Worry for extended periods about not having or getting the approval of others
Moral perfectionism is a type of self-regarding perfectionism in which you demand that you never, in any way, violate your moral principles. People who are moral perfectionists typically:
Experience intense guilt when they think they have done something morally wrong, even if it’s a very minor moral wrong
Think they are bad when they believe they have—or simply might have—done something morally wrong
Ruminate about their perceived moral wrongdoing, even very minor instances
Experience intense anxiety about making moral choices
Procrastinate about making or acting on hard moral choices
Expectation perfectionists demand perfection, or near-perfection, of others in general or certain others with whom they have a relationship, imposing rigid, perfectionistic standards on their children, employees, teachers, students, friends, significant others, service providers, and more. When they think these standards have not been, or may not be, satisfied, their emotional responses tend to be exaggerated, and may include:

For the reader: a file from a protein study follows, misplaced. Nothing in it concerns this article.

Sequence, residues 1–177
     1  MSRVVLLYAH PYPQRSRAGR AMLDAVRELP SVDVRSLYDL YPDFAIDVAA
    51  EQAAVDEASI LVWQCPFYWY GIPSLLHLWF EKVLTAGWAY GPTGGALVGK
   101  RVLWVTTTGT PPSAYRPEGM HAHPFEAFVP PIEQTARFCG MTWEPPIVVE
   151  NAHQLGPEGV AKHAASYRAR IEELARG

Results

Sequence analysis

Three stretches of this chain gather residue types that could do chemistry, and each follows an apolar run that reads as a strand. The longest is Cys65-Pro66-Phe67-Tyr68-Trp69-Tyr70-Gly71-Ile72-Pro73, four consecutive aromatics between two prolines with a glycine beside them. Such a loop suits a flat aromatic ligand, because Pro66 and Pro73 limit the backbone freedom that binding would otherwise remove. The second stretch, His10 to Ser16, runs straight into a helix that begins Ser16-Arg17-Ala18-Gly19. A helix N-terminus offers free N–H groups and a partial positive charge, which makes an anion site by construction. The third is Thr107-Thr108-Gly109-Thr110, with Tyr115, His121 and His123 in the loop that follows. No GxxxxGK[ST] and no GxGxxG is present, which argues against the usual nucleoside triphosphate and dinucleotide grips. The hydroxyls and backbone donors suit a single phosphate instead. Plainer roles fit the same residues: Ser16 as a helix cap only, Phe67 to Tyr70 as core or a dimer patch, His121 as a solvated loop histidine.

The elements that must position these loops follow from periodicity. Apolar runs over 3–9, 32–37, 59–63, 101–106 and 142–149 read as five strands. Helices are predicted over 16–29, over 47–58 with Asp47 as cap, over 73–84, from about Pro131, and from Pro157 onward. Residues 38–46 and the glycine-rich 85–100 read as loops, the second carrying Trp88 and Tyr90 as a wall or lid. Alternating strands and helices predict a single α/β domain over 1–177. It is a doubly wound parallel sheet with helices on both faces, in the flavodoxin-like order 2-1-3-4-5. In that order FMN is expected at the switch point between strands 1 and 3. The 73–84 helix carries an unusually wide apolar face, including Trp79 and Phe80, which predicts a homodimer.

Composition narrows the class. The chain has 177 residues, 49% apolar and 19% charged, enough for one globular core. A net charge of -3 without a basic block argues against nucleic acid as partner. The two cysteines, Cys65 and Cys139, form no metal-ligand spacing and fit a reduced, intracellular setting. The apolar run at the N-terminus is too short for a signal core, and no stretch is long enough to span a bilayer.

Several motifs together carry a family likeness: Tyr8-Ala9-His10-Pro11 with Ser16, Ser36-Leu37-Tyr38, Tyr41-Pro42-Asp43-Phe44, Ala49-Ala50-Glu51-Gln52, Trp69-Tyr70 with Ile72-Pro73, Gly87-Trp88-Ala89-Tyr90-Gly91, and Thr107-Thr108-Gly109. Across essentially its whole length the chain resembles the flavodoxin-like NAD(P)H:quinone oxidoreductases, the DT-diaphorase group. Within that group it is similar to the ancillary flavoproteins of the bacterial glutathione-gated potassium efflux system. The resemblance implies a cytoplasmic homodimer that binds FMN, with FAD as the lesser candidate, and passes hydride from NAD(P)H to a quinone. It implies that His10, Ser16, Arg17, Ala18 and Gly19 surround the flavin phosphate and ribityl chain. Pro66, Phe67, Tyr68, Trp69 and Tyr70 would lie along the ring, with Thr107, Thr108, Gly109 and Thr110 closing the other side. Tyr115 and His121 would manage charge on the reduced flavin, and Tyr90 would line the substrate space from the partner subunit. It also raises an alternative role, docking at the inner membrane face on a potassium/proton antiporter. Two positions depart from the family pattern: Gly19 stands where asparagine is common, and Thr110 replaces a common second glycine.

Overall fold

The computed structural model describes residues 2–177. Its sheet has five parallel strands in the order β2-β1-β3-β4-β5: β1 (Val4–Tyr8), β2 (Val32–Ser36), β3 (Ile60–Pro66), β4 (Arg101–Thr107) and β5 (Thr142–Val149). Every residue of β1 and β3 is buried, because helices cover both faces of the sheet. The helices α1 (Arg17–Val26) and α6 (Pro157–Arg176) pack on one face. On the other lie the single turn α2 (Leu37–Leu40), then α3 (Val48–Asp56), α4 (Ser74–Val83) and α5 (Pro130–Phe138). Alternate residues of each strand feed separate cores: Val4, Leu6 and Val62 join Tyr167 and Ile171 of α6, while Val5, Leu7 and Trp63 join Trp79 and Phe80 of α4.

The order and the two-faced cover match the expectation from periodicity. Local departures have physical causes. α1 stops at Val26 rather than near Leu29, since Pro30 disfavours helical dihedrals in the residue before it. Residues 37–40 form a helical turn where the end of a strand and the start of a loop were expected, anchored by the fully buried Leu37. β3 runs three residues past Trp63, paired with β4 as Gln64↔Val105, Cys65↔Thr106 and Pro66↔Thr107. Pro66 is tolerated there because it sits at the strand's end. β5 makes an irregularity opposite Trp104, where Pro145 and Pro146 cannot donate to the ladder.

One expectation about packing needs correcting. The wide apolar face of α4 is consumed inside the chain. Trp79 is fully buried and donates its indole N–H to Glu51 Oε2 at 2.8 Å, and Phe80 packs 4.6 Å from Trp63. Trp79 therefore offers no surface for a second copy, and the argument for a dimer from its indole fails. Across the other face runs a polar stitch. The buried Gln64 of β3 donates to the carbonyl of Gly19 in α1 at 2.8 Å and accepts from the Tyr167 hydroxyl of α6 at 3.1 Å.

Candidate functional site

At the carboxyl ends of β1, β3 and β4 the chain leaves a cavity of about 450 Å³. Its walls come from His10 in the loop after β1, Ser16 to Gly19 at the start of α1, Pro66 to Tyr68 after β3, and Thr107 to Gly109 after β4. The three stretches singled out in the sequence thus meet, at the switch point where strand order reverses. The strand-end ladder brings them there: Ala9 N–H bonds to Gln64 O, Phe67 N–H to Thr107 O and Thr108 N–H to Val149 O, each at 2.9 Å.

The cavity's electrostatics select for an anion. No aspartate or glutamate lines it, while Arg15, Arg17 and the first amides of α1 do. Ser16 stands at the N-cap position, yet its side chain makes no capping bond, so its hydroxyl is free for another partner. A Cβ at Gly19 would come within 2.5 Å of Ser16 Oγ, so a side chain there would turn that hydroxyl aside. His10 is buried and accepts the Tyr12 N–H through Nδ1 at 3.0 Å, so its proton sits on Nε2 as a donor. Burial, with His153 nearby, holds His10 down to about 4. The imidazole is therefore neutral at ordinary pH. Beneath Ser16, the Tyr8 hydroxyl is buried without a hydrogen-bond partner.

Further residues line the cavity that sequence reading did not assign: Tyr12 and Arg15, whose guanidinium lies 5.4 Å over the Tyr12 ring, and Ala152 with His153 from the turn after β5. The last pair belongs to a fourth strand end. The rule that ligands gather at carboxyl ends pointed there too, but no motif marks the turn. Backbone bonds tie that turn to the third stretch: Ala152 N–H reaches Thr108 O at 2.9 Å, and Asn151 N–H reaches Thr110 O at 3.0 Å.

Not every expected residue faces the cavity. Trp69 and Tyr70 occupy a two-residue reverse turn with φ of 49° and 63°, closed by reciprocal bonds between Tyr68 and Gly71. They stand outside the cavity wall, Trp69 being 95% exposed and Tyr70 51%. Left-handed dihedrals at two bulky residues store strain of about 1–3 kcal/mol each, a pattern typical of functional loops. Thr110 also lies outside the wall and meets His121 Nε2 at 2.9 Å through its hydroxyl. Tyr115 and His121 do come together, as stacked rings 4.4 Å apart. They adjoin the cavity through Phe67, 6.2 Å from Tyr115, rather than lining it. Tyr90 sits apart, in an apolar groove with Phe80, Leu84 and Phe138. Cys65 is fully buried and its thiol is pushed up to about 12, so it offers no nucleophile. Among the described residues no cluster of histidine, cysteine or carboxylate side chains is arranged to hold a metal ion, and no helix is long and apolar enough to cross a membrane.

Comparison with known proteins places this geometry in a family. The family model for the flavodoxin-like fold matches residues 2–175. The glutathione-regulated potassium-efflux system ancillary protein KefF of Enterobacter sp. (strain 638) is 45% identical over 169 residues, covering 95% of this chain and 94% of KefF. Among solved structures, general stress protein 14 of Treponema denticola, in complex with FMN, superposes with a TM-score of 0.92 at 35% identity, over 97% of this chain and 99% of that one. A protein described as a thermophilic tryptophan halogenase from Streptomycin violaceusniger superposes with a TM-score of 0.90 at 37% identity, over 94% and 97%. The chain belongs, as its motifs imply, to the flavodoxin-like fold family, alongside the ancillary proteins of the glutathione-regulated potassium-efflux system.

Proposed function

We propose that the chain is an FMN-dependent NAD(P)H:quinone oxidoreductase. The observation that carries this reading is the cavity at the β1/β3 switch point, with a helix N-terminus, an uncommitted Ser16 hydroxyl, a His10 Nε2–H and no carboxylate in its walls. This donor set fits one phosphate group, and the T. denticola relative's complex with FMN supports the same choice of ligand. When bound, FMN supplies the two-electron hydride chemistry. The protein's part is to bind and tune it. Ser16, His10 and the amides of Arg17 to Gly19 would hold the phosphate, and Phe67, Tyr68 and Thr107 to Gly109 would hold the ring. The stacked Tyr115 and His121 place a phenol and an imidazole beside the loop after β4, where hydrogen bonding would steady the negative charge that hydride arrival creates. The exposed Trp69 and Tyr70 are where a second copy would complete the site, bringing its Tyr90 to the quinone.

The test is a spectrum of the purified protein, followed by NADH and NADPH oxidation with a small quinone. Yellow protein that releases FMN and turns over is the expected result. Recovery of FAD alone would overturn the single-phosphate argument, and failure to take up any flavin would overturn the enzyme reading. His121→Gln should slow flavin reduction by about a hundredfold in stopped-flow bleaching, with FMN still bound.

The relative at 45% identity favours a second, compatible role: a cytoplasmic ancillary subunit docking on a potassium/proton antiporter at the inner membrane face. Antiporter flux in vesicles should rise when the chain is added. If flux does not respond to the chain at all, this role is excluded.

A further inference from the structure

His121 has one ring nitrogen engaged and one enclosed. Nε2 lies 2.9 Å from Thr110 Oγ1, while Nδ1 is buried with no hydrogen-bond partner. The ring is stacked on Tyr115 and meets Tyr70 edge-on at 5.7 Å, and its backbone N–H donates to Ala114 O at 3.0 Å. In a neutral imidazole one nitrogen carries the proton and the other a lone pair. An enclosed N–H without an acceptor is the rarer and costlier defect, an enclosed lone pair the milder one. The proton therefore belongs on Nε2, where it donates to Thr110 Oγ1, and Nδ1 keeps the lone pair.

Anger, including rage
Shock (as distinct from disappointment or surprise)
The expectations of these perfectionists tend to be:
Unrealistic (impossible or extremely difficult to satisfy)
Unconditional (without or almost without exception)
Grandiose (overly ambitious)
Burdensome (overly imposing on others)
Demanding (others must be perfect or near-perfect)
Most of us prefer socializing and working with people who share at least some of our beliefs and values, especially outlooks we think are important, such as our religious or moral values. However, ego-centered perfectionism is not merely a preference; rather, it’s a perfectionistic demand that other people always, or almost always, agree with your points of view, such as your beliefs, values, desires, interests, preferences, or tastes (Cohen, 2015).
Ego-centered perfectionists may:
Get disturbed when other people disagree with them, sometimes even about small things
Express unwillingness to see things from the perspectives of others who don’t share their views
Think that the viewpoints of others who disagree with them are not credible
Think that others who don’t agree with them are stupid, bad, or otherwise not worthy of their company
Think that they always, or almost always, have to be right
Rarely if ever admit that they are wrong